However with the setting up of Triffin Prebisch central banks, forex controls, parallel exchange rates, high inflation and social unrest proliferated. Import substitution was pioneered in the area.
Argentina first defaulted in 1827, soon after Bank of England started to raise rates in 1825 to slow credit and stop a balance of payments deficit (run on gold reserves). The Bank of England had just restored gold convertibility in 1821.
Gold standard central banks do not print money (sterilize interventions) against the BOP but raises rates like currency boards, when domestic credit picks and there are gold outflows.
Latin American central banks sell dollars to defend a peg and then sterilize the interventions to maintain the policy rates through the purchase of domestic securities injecting more money (sterilized forex sales) until reserves run out, and then devalue sharply.
The IMF usually supports devaluation, hoping that it will boost exports, but repeated devaluations in Latin America had failed to boost exports and exchange controls discouraged foreign investment.
Instead, social unrest, out migration and resort to prostitution by sections of the female workforce to buy food was the usual outcome of Keynesian stimulus and devaluation.
Export powerhouses including Japan, Germany, Singapore, Hong Kong and Taiwan did the exact opposite monetary policy.
Analysts say the archetypal ‘Latin America clause’ was put in to Sri Lanka’s Monetary Law through its section 90 (1) which enable the agency to create currency crises even without deficit spending or direct government finance by the central bank.
In the 1980s as Sri Lanka’s rupee also devalued or was pre-emptively depreciated in Latin America style ‘tablito’ moves without commercial debt to defautl, triggering high inflation, social unrest and migration to GCC countries with stable pegs was seen.
In the 1990s bonds replaced banks loans to Latin America.
“In the 1990s commercial banks left the process and were replaced by bond holders,” Buchheit said. “In this century the sovereign debt crises to the extent they involved commercial lenders have almost all been bond re-structuring.”
In 1994, the US Fed started to raise rates. Mexico had fixed its budgets but had failed to seriously reform its central bank.
Instead of raising rates Mexico issued tesobonos dollar debt.
Amid some domestic political turmoil Mexico central bank went into a into a currency crisis as outflows were sterilized and the credibility of the peg was lost. In December 1994 the Mexican pesos devalued as the Fed continued to raise rates.
Mexico had an overall budget surplus of 1.6 percent of GDP in 1992, 0.7 percent in 1993 and had a balanced budget in 1994.
The primary surplus was 3.9 percent of GDP in 1993 and 2.6 percent in 1994. An IMF program was designed with a 5.0 percent of surplus budget and 3.4 percent primary surplus for 1995.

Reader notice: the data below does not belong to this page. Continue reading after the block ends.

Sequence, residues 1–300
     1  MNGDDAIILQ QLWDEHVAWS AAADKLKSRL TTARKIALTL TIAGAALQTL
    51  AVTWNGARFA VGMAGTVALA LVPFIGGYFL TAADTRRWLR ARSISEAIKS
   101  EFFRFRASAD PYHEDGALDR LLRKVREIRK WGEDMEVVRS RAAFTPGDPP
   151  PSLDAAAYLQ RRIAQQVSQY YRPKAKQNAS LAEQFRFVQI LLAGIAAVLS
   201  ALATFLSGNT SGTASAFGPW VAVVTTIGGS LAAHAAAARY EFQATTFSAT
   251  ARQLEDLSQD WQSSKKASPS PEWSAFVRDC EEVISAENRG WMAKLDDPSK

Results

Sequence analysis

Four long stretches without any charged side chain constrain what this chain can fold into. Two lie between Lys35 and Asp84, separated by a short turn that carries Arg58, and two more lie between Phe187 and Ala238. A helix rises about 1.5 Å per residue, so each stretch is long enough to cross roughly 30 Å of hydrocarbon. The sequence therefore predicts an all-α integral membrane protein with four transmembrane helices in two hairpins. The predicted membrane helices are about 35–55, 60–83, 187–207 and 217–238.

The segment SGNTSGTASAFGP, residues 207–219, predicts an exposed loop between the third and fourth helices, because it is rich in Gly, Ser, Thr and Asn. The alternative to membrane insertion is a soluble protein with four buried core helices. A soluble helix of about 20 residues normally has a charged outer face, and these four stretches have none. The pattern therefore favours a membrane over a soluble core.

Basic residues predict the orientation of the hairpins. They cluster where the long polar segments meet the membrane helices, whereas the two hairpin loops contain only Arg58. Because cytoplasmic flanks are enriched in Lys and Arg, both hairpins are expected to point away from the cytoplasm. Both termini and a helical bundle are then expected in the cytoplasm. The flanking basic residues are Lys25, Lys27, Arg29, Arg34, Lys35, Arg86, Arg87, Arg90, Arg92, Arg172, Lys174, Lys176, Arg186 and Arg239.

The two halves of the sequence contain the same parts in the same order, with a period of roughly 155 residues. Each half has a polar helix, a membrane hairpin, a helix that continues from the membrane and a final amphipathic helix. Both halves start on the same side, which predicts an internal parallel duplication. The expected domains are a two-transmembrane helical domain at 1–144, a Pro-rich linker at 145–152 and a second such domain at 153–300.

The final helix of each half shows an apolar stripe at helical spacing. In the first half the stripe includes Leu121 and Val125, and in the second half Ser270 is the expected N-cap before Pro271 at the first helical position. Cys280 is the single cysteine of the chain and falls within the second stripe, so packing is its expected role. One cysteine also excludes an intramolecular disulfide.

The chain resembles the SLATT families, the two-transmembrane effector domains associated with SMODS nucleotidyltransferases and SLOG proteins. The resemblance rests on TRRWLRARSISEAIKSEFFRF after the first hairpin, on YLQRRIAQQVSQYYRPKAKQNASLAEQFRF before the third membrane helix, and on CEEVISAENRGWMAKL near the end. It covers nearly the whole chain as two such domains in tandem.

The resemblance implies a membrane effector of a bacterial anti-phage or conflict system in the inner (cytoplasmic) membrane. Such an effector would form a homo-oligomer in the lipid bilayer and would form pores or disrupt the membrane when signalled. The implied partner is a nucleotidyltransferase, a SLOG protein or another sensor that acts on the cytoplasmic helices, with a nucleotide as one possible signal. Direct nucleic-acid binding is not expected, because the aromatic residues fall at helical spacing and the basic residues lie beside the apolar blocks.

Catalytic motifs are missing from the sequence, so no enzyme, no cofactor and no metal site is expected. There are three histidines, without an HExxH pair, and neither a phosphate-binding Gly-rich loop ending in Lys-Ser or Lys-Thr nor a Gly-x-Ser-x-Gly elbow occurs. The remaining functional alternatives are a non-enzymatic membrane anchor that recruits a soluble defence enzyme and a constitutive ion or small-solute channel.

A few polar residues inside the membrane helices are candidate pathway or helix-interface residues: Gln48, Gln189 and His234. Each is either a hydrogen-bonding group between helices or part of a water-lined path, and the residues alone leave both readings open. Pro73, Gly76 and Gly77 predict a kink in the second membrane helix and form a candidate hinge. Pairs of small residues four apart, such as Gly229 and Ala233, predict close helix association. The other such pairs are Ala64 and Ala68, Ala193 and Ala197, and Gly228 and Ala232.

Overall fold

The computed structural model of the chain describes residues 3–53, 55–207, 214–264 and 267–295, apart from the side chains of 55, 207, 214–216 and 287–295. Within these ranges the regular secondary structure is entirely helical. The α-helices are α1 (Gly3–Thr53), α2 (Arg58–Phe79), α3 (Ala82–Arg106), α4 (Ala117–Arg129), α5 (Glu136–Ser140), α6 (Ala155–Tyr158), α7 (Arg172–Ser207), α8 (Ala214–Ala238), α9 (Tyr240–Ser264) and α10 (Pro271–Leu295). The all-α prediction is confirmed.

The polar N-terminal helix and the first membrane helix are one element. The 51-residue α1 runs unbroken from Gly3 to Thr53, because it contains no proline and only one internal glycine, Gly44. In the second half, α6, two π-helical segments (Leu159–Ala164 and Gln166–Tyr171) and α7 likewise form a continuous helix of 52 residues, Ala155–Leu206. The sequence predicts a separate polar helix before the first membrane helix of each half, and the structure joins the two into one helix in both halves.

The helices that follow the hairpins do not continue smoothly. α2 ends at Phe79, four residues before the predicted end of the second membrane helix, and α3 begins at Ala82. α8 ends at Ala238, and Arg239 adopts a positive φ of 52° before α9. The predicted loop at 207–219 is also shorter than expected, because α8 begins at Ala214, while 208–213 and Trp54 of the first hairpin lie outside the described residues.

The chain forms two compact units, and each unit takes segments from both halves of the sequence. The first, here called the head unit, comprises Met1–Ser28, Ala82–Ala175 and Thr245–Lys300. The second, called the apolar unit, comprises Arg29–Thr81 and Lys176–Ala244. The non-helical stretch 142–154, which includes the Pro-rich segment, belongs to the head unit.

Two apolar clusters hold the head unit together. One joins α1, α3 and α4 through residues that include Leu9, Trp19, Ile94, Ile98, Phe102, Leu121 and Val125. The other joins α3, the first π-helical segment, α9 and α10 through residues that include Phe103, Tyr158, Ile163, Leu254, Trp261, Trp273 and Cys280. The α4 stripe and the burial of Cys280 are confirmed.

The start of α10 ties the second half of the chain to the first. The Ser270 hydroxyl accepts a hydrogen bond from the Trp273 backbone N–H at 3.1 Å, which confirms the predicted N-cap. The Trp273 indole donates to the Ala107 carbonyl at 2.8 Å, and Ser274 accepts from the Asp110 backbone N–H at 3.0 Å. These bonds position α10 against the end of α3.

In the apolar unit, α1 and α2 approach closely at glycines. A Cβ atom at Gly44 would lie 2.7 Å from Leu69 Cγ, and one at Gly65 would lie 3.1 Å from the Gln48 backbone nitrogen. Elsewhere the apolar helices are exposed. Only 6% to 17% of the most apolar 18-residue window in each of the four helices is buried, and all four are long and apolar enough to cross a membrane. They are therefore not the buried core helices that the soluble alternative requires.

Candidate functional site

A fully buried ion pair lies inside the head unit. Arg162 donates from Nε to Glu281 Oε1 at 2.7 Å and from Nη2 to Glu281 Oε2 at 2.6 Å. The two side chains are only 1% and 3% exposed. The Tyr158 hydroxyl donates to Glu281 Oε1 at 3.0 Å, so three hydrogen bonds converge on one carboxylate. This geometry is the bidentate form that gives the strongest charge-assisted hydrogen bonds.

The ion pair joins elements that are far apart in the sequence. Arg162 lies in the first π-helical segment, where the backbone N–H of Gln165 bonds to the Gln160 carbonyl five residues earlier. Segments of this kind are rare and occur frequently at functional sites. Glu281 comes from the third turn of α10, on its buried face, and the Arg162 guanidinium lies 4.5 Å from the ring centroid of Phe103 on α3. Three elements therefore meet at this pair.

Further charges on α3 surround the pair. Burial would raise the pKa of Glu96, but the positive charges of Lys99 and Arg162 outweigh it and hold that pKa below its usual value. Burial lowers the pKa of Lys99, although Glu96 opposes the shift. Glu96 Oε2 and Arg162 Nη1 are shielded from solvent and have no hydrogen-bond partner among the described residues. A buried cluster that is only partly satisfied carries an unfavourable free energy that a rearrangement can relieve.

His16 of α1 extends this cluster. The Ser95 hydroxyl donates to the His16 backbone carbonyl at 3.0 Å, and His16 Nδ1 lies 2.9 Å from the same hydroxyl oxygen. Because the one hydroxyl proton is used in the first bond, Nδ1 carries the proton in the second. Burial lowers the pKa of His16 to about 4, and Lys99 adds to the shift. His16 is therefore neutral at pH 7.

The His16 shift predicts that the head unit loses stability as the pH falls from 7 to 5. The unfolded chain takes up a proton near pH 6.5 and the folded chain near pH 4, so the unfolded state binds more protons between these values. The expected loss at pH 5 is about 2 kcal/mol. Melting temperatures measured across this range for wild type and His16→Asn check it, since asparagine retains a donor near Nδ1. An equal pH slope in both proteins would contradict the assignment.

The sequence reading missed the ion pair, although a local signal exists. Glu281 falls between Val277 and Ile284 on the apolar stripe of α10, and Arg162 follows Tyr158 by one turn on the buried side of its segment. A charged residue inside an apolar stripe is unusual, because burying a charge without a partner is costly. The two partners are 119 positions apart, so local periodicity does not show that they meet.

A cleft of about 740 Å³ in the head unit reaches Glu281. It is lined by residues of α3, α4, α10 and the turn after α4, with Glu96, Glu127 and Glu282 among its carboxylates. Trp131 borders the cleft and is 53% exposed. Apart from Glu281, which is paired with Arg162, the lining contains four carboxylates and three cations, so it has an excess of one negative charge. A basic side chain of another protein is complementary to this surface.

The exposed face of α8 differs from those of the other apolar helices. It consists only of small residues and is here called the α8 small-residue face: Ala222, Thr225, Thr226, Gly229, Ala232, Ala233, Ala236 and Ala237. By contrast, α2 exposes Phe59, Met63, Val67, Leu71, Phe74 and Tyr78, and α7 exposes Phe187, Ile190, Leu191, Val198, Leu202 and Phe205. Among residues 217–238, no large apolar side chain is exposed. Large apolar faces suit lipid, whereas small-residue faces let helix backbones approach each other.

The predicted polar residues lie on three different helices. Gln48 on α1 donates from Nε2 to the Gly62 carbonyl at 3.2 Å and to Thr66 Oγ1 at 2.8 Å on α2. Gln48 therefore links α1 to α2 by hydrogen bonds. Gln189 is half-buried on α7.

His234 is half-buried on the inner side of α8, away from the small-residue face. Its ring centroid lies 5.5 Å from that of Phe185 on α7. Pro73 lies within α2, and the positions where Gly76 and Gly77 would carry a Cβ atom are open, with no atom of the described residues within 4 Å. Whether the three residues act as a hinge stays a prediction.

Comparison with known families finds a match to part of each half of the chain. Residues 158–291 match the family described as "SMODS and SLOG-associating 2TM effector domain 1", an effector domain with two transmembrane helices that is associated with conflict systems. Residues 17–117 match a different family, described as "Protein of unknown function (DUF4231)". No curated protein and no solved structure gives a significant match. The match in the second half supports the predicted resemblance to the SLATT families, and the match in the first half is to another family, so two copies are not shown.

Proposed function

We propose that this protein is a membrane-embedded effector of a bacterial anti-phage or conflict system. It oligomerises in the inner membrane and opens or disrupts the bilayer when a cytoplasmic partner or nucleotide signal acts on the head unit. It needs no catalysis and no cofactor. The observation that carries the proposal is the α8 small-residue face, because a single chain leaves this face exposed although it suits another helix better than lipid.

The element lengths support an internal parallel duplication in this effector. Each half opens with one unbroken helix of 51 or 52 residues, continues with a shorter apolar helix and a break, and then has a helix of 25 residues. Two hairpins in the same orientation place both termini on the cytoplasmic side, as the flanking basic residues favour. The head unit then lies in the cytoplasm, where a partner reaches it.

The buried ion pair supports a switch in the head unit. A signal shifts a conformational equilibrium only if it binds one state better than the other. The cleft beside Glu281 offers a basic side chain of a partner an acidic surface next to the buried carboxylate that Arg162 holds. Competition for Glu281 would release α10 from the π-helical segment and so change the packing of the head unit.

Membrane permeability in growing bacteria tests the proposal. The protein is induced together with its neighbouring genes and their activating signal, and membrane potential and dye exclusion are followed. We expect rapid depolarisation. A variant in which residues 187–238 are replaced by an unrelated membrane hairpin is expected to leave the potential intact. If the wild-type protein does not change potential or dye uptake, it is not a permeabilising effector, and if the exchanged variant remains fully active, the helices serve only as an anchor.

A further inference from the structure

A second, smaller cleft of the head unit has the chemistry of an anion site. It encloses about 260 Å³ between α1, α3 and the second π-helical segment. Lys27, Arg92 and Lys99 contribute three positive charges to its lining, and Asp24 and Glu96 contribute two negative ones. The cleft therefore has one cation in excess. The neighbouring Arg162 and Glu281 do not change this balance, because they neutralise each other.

In 2017 the Fed started to raise rates and continued to raise rates through 2018. Argentina went into a currency crisis 2018. Sri Lanka also cut rates and injected liquidity and went to a crisis.
Greece went into a debt crisis after the Bernanke-Greenspan bubble burst following Fed rate hikes up to 2007.
Greece however had serious budget problems like Sri Lanka mainly involving civil service salaries and pensions.
Greece defaulted on what was essentially local currency debt as it was in a monetary union and the ECB would not usually finance the government directly.
However the ECB bought bonds as part of the bailout package.
A debt restructuring may involve term extensions to the principle (debt-reprofiling) were new longer term bonds are issued, or reductions to the principle (hair cuts) or rates (coupons).
“The legal aspect is relatively small,” Buchheit said. “There is an enormous political aspect to it both internationally and domestically in the debtor country and in all candor, a great deal of theatre.”
Analysts say the theatrics rise dramatically when civil service is involved with the anti state-austerity brigade firing on all cylinders.
It was exemplified by Greece, whose politicians were unwilling to cut salaries.
Euro area countries which were bailing out Greece pointed out that their civil services did not get the benefits that Greek had even after budget cuts.
In Sri Lanka under IMF led ‘revenue based fiscal consolidation’ civil service salaries and pensions were ratcheted up with taxes raised to a ‘magic number’ revenue to GDP ratio.
The program involving ‘flexible’ inflation targeting, triggering currency crises forcing debt to be repaid with more debt like Mexico’s tesobonos rather than current inflows appropriated through higher rates.
Sri Lanka’s policy errors were radically worsened by Keynesian fiscal and monetary stimulus from December 2019.
In a devaluation salaries are cut automatically of both state workers, private workers and the real savings of savers especially the aged and the weak.
But if the currency does not devalue it is impossible for a government and Keynesians to inflict pain on private wage earners and bank savings accounts through depreciation forcing budget cuts. (Colombo/Oct06/2021)